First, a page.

Bournemouth University is taking part in a multimillion pound EU project – SAMARCH -to investigate the decline of marine life.
The five-year project called SAMARCH (SAlmonid MAnagement Round the CHannel) is investigating levels of salmon and sea trout which are currently 70 per cent lower compared to levels in the 1970’s.
Salmon and sea trout play a key role in coastal and river ecosystems and are estimated to be worth as much as £1billion a year.
The cross-border project includes 10 partner organisations – five in France and five in the UK, funded by the EU’s Interreg VA France (Channel) England programme.
It will use state-of-the-art fish monitoring facilities on five rivers across the south of England and northern France, including the Freshwater Biological Association’s River Laboratory on the River Frome, the Environment Agency’s facilities on the River Tamar, the Institut National de Recherche Agronomique’s facilities on the Scorff and Oir and Agence Française pour la Biodiversité’s facilities on River Bresle.
The investigation will also study the behaviour and mortality of salmonid populations in estuaries and coastal waters to determine where losses are greatest. DNA analysis will be used to map areas in the English channel that are important for sea trout, provide new information to improve the tools used by the regulatory bodies in England and France to manage their salmon stocks.
The project will fund more than 20 placements per year for undergraduate and postgraduate students to work on the salmon and trout research.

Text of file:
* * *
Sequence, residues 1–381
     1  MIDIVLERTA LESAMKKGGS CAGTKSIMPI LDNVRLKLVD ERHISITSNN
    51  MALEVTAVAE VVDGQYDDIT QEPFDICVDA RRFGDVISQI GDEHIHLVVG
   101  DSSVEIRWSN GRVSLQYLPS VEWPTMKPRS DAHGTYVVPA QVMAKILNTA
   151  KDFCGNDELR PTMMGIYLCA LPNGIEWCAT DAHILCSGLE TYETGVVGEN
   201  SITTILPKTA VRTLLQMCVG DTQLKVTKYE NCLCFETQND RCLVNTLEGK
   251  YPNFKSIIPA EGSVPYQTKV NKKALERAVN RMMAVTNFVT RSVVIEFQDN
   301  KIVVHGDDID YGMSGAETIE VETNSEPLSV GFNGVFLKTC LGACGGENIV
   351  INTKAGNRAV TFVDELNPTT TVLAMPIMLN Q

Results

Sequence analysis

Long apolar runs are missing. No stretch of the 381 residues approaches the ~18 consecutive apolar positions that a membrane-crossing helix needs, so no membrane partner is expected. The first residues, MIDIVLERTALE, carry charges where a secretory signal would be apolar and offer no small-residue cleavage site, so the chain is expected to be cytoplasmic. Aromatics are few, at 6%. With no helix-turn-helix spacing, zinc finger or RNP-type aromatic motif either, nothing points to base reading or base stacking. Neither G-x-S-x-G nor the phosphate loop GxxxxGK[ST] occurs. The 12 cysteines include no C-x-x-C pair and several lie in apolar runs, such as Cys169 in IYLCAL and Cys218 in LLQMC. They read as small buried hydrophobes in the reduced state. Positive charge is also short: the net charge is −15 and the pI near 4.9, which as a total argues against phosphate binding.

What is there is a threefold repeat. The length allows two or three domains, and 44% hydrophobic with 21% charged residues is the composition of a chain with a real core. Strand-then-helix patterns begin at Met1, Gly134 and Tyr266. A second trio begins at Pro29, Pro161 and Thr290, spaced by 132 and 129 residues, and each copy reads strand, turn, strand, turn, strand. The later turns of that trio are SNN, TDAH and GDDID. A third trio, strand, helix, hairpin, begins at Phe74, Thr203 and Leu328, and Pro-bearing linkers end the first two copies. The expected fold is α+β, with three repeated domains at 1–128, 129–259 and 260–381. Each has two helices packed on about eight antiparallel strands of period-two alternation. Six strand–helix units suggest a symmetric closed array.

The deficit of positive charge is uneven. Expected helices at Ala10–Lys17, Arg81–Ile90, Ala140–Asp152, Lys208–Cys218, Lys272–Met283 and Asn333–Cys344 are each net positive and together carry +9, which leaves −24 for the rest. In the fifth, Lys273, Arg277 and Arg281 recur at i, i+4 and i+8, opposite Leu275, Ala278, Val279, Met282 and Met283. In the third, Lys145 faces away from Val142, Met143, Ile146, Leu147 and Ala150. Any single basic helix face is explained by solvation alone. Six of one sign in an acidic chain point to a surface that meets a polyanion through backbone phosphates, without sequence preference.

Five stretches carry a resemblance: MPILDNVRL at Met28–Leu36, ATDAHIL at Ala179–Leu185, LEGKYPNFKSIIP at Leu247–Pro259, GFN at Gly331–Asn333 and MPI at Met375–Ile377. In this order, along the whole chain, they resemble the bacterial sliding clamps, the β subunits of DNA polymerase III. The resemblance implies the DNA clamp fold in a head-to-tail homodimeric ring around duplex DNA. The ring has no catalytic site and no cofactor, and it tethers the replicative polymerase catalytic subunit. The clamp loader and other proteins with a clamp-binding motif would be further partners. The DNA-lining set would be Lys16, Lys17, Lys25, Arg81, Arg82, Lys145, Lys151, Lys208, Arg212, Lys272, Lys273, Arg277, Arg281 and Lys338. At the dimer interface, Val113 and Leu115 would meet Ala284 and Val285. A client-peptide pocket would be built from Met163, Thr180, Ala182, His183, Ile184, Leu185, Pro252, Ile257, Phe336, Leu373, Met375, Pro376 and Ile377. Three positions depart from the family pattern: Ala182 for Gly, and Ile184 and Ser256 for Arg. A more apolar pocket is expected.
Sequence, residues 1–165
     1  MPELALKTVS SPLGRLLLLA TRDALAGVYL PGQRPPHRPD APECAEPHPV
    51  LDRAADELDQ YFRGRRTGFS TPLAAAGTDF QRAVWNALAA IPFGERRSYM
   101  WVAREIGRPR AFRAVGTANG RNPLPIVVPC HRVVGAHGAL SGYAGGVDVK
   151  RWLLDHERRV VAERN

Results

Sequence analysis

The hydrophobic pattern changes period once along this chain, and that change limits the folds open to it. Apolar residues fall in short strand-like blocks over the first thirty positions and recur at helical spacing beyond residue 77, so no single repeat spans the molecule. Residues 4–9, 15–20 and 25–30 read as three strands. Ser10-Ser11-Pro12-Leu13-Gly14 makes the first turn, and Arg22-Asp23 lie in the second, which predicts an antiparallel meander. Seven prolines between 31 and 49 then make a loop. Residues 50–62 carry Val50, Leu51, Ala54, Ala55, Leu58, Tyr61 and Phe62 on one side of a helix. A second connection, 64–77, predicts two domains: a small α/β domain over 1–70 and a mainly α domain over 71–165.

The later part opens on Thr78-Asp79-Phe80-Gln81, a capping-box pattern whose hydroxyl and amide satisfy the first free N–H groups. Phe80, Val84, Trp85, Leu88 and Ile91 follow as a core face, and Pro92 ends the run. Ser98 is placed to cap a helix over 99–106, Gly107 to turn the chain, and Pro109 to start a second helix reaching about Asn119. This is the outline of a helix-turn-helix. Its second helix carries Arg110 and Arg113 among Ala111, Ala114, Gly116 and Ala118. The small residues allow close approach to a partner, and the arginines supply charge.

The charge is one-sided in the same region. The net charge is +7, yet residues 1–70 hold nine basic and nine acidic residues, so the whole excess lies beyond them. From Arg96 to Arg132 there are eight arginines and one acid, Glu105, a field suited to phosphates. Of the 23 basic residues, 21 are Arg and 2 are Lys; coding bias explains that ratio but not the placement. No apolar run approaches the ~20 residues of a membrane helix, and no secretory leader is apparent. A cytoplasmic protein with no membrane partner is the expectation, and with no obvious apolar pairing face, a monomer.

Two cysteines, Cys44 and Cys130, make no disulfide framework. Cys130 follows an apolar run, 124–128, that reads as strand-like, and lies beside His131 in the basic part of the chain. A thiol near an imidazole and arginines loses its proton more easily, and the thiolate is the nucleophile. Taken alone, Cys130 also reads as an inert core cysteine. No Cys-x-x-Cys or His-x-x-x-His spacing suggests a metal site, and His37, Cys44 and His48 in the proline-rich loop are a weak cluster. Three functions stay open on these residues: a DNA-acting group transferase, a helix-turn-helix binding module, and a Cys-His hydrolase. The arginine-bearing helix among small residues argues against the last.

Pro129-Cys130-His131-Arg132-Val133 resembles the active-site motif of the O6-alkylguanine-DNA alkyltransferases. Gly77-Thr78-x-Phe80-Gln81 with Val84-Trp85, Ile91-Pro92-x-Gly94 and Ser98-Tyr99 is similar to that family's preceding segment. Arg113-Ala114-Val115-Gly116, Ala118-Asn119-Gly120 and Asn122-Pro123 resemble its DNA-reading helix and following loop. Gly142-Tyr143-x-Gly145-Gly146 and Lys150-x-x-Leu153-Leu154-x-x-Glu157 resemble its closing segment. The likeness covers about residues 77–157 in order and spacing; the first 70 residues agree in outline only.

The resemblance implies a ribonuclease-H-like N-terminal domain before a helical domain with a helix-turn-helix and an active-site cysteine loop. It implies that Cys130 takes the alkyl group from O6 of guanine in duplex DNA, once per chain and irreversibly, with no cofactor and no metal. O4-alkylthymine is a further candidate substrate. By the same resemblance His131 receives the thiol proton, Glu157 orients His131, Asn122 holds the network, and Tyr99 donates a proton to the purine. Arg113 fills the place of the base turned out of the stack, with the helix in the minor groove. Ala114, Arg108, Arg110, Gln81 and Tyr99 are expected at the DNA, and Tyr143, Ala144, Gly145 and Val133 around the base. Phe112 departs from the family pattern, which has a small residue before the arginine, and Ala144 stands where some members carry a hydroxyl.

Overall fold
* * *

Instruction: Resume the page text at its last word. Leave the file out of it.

Professor Genoveva Esteban, leader of BU’s contribution to SAMARCH, said: “This is a unique opportunity for students to work on fisheries placements and research projects in the UK and France.
“The partnership will facilitate cross-border student exchanges and knowledge – not just for the benefit of all partners, but of society in general.”
Dylan Roberts, SAMARCH project manager and head of fisheries at Game and Wildlife Conservation Trust, said: “It’s been a real team effort to get this project off the ground and has required patience and perseverance. It took a total of 2.5 years to process the application, which was approved in May last year – now the hard work starts.
“We know that for the past 30 years management has focused on salmon and sea trout in the freshwater environment. We also know that currently only some 5 per cent of young salmon survive to return to our rivers, but the technology now exists so we can learn more about their time in transitional and coastal waters.
“Over the next five years, through collaborating with our project partners, the Environment Agency in the UK and Agence Française pour la Biodiversité in France, we aim to improve the management of salmon and sea trout in Channel waters and generate new information and tools to inform current and develop new policies”.
The Trust is offering a reward of £50 for anyone who finds a sea trout with an electronic tag inside, giving the date and location of the recovery to firstname.lastname@example.org.